Readers familiar with the history of medical association studies will be unsurprised by what happened over the next few years: initial excitement (this same polymorphism was associated with diabetes! And longevity!) was followed by inconclusive replication studies and, ultimately, disappointment. In 2000, 8 years after the initial report, a large study involving over 5,000 cases and controls found absolutely no detectable effect of the ACE polymorphism on heart attack risk. In the meantime, the same polymorphism had turned up in dozens of other association studies for a wide range of traits ranging from obstet­ric cholestasis to menin­go­­coccal disease in children, virtually none of which have ever been convincingly replicated.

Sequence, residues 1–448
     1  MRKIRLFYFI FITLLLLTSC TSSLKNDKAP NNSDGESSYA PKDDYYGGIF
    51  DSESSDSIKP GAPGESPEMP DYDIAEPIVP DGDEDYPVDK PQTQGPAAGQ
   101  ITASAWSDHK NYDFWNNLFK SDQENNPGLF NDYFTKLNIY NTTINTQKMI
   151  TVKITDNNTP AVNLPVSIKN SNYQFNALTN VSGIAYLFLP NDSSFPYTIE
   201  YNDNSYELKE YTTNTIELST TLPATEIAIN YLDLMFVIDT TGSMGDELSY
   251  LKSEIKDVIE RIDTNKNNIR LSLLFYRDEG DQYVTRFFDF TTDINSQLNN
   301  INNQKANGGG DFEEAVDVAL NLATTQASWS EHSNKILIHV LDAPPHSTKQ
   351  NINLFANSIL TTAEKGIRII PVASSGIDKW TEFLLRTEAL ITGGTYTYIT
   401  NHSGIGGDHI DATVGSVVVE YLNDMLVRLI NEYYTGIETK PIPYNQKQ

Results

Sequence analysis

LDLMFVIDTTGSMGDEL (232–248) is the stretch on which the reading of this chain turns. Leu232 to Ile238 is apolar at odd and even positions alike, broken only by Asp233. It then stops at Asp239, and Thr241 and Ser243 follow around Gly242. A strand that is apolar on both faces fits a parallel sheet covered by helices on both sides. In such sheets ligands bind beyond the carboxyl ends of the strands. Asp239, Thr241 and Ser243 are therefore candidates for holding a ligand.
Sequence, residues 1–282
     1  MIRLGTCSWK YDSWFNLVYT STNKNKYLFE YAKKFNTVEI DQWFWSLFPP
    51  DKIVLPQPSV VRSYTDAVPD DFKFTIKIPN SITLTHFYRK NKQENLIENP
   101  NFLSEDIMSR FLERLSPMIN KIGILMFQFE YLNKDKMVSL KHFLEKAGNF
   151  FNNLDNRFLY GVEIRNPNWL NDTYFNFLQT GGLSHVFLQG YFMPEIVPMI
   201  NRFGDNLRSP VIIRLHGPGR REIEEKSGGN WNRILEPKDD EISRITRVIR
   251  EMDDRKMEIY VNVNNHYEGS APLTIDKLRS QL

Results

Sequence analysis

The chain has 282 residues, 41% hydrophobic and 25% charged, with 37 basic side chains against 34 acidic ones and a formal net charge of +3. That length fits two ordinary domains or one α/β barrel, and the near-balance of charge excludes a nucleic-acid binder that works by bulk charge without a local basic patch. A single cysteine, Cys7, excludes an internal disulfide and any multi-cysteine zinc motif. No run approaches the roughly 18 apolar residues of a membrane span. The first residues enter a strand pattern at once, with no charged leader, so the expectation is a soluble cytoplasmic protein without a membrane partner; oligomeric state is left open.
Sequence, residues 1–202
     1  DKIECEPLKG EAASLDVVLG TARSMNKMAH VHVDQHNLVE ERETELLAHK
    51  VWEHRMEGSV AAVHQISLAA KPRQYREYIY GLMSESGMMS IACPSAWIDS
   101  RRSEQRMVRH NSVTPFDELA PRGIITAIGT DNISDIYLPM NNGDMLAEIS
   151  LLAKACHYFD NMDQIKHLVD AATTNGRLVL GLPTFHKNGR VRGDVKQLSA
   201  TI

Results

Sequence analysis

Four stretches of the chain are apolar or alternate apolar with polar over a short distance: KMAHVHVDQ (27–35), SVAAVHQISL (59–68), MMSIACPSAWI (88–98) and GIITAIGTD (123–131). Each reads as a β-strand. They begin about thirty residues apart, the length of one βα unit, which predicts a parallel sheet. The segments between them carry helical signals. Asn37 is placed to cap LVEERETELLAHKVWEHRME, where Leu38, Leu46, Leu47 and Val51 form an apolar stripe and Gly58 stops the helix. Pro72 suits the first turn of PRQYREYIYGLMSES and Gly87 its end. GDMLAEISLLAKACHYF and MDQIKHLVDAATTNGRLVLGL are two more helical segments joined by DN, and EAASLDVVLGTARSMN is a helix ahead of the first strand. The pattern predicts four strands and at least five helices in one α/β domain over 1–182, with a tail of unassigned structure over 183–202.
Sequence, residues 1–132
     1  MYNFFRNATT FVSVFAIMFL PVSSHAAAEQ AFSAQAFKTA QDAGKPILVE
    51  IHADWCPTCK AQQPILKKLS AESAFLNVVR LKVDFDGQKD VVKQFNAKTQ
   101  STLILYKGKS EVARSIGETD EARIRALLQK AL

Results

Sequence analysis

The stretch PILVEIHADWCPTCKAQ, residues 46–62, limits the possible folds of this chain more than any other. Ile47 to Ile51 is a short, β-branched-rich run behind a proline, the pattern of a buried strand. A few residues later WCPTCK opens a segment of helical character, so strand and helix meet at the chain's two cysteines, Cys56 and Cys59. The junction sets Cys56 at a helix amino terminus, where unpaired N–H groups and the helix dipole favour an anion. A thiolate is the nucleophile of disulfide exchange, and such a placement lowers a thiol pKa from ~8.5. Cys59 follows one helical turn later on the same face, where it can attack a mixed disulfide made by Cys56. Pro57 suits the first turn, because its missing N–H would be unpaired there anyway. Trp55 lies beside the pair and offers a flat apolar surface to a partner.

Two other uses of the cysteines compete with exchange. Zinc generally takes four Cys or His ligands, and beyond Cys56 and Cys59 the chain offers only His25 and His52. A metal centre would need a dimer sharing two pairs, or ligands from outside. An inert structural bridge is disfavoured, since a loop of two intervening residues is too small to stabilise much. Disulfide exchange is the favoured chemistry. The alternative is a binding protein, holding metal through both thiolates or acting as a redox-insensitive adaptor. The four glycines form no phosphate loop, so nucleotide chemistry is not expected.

The ACE story is not unique; time and time again, initial reports of associations between candidate genes and complex diseases failed to replicate in subsequent studies. With the benefit of hindsight, the problem is clear: in general, common genetic polymorphisms have very small effects on disease risk. Detecting these subtle effects requires studying not dozens or hundreds, but thousands or tens-of-thousands of individuals. Smaller studies, which had no power to detect these small effects, were essentially random p-value generators. Sometimes the p-values were “significant” and sometimes not, without any correlation to whether a variant was truly associated. Additionally, since investigators were often looking at only a few variants (often just one!) in a single gene that they strongly believed to be involved in the disease, they were often able to subset the data (splitting males and females, for example) to find “significant” results in some subgroup. This, combined with a tendency to publish positive results and leave negative results in a desk drawer, resulted in a conflicted and confusing body of literature which actively retarded progress in medical genetics .